Not everyone has the time or inclination to read through a 4,000+ word article, but I felt like the complexity of the issues involved in the controversial Keystone XL pipeline warranted that. In this article I will summarize the key points of the arguments I made in the original, while highlighting where my views diverge from those of the protestors. If you want to see a more in-depth discussion of these issues, please refer to the original article: How I Would Decide the Keystone XL Pipeline Issue
Treating the Symptom Rather than the Disease
The first issue is to clarify what the pipeline argument is really about. This isn’t really about a pipeline. As one reader pointed out, this is about trying to force Canada to stop developing what is viewed by many as a dirty resource, and that we should “treat the disease.” The addiction metaphor is somewhat overused, but I believe there is a very relevant example that captures my view on the pipeline. If a person is addicted to a drug, you can treat the addiction, or you can try to eliminate the suppliers of the drug. In the U.S., we have conducted a very long war on drugs that has made the drug trade even more lucrative. Desperate people commit crimes to buy drugs they can’t afford, and drug traffickers commit violent crimes to ensure that those profits keep flowing. And we still have a drug problem.
The point is that as we cut off one supplier, another springs up. We have not cured the disease. However, if demand for drugs fell, the suppliers would go out of business. (It occurs to me that this example will not exactly endear me to oil producers). This is analogous to our dependence on oil. I think protestors who feel that stopping this pipeline will strike a blow for our oil dependence grossly underestimate the lengths that we will go to in order to acquire oil. Thus, I don’t believe stopping the pipeline addresses the root problem, and threatens to worsen some problems that protestors have largely ignored.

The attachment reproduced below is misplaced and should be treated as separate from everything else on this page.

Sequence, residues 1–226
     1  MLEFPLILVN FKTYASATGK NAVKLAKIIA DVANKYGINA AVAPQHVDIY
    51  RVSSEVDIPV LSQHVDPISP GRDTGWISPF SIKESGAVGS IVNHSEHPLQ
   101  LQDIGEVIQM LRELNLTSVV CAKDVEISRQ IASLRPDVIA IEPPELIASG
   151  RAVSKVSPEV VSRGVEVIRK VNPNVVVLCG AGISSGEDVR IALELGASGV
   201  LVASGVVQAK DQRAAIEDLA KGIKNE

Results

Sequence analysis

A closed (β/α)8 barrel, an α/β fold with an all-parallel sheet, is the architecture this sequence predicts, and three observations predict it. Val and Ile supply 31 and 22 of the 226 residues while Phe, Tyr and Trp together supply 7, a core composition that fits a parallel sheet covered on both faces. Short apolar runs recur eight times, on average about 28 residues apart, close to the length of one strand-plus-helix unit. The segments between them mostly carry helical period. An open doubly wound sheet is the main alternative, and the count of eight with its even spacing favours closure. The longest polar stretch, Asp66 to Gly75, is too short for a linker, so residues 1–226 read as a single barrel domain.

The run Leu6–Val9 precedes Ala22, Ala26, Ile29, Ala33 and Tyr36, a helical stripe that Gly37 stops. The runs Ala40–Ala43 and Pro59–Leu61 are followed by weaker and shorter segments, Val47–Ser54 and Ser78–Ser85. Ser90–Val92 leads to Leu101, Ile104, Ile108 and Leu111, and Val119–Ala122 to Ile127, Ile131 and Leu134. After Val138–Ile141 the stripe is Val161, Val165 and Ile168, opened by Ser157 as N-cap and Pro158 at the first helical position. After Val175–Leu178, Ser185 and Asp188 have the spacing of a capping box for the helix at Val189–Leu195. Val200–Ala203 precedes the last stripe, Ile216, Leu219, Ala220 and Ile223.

Ogallala Aquifier – Red Herring
As noted in the previous essay, I always viewed the issue of the potential for the pipeline to leak and contaminate the Ogallala aquifer as a red herring. Pipelines already crisscross the Ogallala, and farmers dump thousands of tons of herbicides, pesticide, and fertilizers on top of the aquifer every year.
Carbon Bomb is in Asia Pacific
I view the climate change argument of some protestors to be largely misleading. While it is true that development of the tar sands will only further increase global carbon dioxide emissions, I think the characterization of the pipeline as the “fuse to the biggest carbon bomb on the planet” is wrong. It conveys a false impression that snuffing out this fuse will then snuff out that carbon bomb. In fact, as I showed in the previous essay, the real carbon bomb is in Asia Pacific. Relative to the growing coal and oil consumption in the Asia Pacific region, the oil sands development is relatively minor. Thus, my argument here isn’t “Well, since they are burning a lot, we might as well burn a little” — it is rather to correct a misconception about growing global carbon emissions.